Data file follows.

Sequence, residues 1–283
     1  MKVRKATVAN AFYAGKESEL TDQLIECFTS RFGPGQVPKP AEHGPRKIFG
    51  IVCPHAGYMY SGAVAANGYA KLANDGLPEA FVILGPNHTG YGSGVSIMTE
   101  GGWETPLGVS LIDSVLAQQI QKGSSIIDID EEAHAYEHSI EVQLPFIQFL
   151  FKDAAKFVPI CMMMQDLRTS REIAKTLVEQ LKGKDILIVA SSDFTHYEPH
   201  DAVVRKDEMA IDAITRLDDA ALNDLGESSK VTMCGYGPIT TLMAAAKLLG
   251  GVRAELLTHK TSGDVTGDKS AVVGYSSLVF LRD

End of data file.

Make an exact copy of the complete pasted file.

Sequence, residues 1–283
     1  MKVRKATVAN AFYAGKESEL TDQLIECFTS RFGPGQVPKP AEHGPRKIFG
    51  IVCPHAGYMY SGAVAANGYA KLANDGLPEA FVILGPNHTG YGSGVSIMTE
   101  GGWETPLGVS LIDSVLAQQI QKGSSIIDID EEAHAYEHSI EVQLPFIQFL
   151  FKDAAKFVPI CMMMQDLRTS REIAKTLVEQ LKGKDILIVA SSDFTHYEPH
   201  DAVVRKDEMA IDAITRLDDA ALNDLGESSK VTMCGYGPIT TLMAAAKLLG
   251  GVRAELLTHK TSGDVTGDKS AVVGYSSLVF LRD